Causes of Suffering: Ego, Mind, Devolution (Buddhi, Ahamkara, Manas, Senses) when we identify too closely with the changeable aspects of our identity we create suffering. The Upanishads believe if the organs are used for selfish use suffering happens. If desires are the cause of selfish actions, then we are vulnerable to suffering as the same dualities of opposites cause pleasure and pain. Rising above both of these, a battle is fought in the mind and the body. The mind is the seat of all desire and intentions, therefore, the mind is the human battlefield. Karma founded in suffering as ignorance launches Karma into action that causes suffering. Suffering is part of an eternal cosmic cycle. (Easwaran, 2007)

The Bhagavad Gita (1:30, 2:7, 2:13, 4:21, and 4:34) looks at suffering as instability in the mind or defines mental instability as the chief cause of suffering. Mental instability is rooted in desire. Our outgoing nature and dependence on things are how we experience suffering from this state of duality. Suffering is what arises from our ignorance and desire riddled actions.

Freedom suffering lies in achieving freedom through self-restraint, mental stability, detachment, renunciation and absence of desires. The Bhagavad Gita looks at it in three ways: mistaken identity, attachment/involvements and lack of knowledge. Mistaken identity, death, decay, anxiety, fear… lord Krishna teaches that we are not mere body and mind but true self which is eternal. Attachments and involvements – Arjuna suffered because he developed an attachment to family, friends and relations. Our first attachments are to ourselves (what we are, what we have, what we think and do, our likes/dislikes, actions, and reactions, opinions and decisions, dreams and desires, fears and concerns, vices and greed, anger, selfishness, pride and envy). Lack of knowledge influenced through thoughts, beliefs, knowledge, desires and attitudes, which result in good/bad and leading to happiness/unhappiness and success/failure. When we do not have the right knowledge, we suffer from indecision, doubt, confusion, and rationalization.  Part of Arjuna’s egoistic thinking caused suffering. He believed in what he saw and could not think beyond it. We suffer due to lack of knowledge, identification with false selves, attachments to outside worlds and dependence upon senses for knowledge and activities. The Bhagavad Gita suggests through faith and devotion to God and by cultivating equanimity of mind through detachment, by practicing yoga and meditation, we will find that physical and mental discipline will free us from suffering. (Satchidananda, 2005)

The Sutra (1.5) Patanjali talks about the five causes of suffering. He defines them as ignorance of who we really are; egoism (the labels and titles in our life define who we are); attachment (our need to cling to what brings us pleasure); resistance of what we do not want/denial; fear of death (the safety nets we create on a physical and emotional level). He does not divide these into painful/or not as they are the same cause. (Satchidananda, 2005)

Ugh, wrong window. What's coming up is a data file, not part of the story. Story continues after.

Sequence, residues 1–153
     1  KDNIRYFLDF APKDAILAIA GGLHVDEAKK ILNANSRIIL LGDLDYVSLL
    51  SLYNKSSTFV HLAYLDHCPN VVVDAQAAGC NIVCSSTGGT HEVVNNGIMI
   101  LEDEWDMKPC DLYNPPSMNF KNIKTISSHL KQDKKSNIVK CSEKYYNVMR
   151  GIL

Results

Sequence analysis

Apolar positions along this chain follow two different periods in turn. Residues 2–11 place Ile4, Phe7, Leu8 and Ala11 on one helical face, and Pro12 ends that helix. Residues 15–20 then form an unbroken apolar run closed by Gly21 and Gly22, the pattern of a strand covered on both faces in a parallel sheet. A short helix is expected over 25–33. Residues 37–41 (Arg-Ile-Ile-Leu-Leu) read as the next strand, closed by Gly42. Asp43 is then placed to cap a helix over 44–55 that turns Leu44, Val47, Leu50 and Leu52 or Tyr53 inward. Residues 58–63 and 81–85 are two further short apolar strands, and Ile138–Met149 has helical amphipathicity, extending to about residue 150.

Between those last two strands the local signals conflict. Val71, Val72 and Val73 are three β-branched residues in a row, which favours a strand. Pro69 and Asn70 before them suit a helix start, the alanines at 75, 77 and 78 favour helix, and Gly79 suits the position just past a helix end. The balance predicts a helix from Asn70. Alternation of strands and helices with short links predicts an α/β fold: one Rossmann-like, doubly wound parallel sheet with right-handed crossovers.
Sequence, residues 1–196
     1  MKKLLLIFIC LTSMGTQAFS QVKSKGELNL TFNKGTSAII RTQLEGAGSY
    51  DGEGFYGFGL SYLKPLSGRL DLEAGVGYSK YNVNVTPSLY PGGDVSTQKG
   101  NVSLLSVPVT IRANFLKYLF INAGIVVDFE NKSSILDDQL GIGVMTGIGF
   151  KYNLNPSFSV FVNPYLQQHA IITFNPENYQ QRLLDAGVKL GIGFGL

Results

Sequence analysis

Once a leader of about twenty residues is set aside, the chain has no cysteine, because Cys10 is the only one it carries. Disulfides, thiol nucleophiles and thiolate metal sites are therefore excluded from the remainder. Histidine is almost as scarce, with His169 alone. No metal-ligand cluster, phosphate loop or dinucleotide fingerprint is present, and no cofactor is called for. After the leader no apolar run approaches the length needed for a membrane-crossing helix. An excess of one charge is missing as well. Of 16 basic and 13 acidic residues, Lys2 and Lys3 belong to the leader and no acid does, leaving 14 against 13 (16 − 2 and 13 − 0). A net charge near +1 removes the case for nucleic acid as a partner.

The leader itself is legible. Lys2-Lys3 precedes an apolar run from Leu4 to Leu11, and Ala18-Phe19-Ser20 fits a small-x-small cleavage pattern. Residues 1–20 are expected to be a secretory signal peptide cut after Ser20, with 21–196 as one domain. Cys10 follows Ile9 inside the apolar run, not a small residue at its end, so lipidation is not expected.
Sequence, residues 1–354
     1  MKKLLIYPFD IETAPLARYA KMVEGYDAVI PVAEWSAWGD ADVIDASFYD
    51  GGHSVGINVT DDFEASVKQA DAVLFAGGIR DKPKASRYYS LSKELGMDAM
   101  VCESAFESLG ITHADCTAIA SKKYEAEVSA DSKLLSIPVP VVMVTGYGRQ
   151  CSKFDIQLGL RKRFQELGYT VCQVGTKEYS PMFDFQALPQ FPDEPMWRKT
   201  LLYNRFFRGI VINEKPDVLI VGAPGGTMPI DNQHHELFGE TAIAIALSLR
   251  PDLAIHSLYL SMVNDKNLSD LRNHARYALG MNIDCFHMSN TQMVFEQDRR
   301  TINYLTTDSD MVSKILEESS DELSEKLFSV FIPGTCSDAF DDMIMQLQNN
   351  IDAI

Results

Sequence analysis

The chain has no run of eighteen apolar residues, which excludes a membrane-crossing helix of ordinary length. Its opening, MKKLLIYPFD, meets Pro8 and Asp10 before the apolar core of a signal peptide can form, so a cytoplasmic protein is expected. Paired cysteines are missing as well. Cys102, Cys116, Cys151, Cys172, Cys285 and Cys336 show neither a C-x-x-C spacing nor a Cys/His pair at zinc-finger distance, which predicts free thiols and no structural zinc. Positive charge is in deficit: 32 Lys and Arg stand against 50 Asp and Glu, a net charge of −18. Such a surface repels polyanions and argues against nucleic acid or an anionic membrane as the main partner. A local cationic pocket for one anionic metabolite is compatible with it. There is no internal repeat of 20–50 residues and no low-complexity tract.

Samkhya views suffering as how much we get caught up in the pyscho-mental illusions of prakriti, rajas, and tamas. In the physical body and emotional body.  The proximity of the two great Samkhya systems (purusa-prakriti) postulates that there is a confusion of understanding in the human mind of what is conscious and what is not. The confusion leads to suffering. Samkhya propounds the quest for knowledge of the essential nature of purusa-prakriti and understanding the fundamental difference between the two is the means to have freedom from suffering. (Miller, 2012)

The causes of suffering are present in my life in a very tangible way. While I understand, I determine how much suffering I want to endure; I still struggle to let go. I struggle with the importance of life, the attachment to my loved ones, delusions, and ignorance to which I do not know yet, rajas and tamas influence my thinking, lack of holding strong boundaries and lack of faith in trusting my journey. The more I practice my yoga lifestyle, the more I can become the observer of my patterns and to clear the patterns that are not serving me.  The goal is for my subconscious to leave room for me to create new healthy patterns that serve my greater good.  The causes of suffering  understood in the context of understanding health and disease by shining light onto the root of the system that is out of balance.

Samskaras are patterns whether positive or negative (such as low self-esteem, self-destructive relationships, etc.). Samskaras comes from the Sanskrit sam “complete or joined” and Kara “action, cause or doing”. They are individual impressions, ideas, and actions.  Repeating them creates a groove and which are difficult to resist like fissures in our brain. Samskaras is universal and defines human beings. We are creators of habit – physically and emotionally. The Sutra 11.16 “Pain that has not yet come is avoidable.” I have seen anywhere from one to forty different Samskaras.  If we practice intention/Sankalpa, intensity/Tapas, slowing/Shani, awareness/Vidya, fearlessness/Abhaya, vision/Darshana, and practice/Abhyasa we can clear negative Samskaras. The Upanishads mention Samskaras as a means to grow and prosper in all four aspects of human desires Dharma (righteousness), Artha (wealth), Karma/Kama (work and pleasure) and Moksha (salvation).  (Easwaran, 2007) Samskaras imbedded in the subconscious mind; the neurons that fire together stay together. Neural pathways get stronger and so does our automatic responses in our mind and body creating prolonged suffering such as (anxiety, anger, depression, pain). Through Svadyaya ( a study of self), we can become aware of our cycles and develop Maitri-Karuna (love, kindness, and compassion). We can have the courage to strengthen and move in other directions. For when we change by making a conscious effort and reverse the patterns of Samskaras, we free ourselves from suffering.